Jazz innovator Les McCann, noted for ‘Compared to What,’ dies at 88.

Les McCann, a prolific and prominent musician and recording artist who helped develop soul-jazz and was sampled by Dr. Dre, A Tribe Called Quest, and hundreds of other hip-hop artists, died. He was 88.

After a week in the hospital with pneumonia, McCann died Friday in Los Angeles, according to his longtime manager and producer Alan Abrahams.

McCann, from Lexington, Kentucky, was a vocalist and self-taught pianist who began his career in the 1950s when he won a singing contest while in the Navy and appeared on “The Ed Sullivan Show,” the greatest variety show of its time. 

With Quincy Jones and Miles Davis as fans, he toured the world and recorded dozens of records, beginning with “Les McCann Ltd. Plays the Truth” in 1960.The funky protest song "Compared to What," on which he first collaborated with saxophonist Eddie Harris, was his most famous. 

“Compared to What” (written by Eugene McDaniels) was recorded live at the 1968 Monteaux Jazz Festival with gospel-style vocals by McCann. The song attacked war, greed, and injustice with couplets such “Nobody gives us rhyme or reason/Have one doubt, they call it treason.”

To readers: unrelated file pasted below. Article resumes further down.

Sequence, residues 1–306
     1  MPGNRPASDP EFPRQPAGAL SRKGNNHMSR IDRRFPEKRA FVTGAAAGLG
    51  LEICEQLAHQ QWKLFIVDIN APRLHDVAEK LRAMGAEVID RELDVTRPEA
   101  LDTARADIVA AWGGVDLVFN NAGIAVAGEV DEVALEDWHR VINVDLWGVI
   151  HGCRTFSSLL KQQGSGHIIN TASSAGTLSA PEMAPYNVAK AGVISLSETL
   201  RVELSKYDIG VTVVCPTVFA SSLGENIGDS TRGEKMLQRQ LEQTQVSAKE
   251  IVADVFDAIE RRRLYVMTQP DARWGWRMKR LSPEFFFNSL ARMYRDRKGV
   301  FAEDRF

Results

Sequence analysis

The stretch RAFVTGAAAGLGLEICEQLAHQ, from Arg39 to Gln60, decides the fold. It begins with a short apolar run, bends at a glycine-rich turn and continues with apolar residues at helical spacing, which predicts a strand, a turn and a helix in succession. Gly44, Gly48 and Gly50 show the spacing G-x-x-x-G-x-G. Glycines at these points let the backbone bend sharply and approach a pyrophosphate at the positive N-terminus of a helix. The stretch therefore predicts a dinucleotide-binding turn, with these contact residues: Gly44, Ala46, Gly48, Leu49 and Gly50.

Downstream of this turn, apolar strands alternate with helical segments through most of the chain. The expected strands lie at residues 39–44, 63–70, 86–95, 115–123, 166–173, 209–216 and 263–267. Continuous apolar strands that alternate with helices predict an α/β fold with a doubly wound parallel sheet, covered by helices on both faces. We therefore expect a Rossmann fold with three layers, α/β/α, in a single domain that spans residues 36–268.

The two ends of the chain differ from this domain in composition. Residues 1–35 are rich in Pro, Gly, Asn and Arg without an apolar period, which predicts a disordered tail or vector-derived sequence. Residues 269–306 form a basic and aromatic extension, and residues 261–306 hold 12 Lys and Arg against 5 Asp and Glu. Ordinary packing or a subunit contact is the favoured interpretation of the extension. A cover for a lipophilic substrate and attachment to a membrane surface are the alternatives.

McCann arranged up an audition with Atlantic Records for Roberta Flack, who covered “Compared to What”. 

McCann pioneered jazz-soul-funk fusion. He recorded with Flack and toured with Wilson Pickett, Santana, and the Staples Singers.

His other albums were “Talk to the People” (1972), “Layers” (1973), and “Another Beginning” (1974). Last month, Resonance Records released “Never A Dull Moment! - Live from Coast to Coast (1966-1967).”

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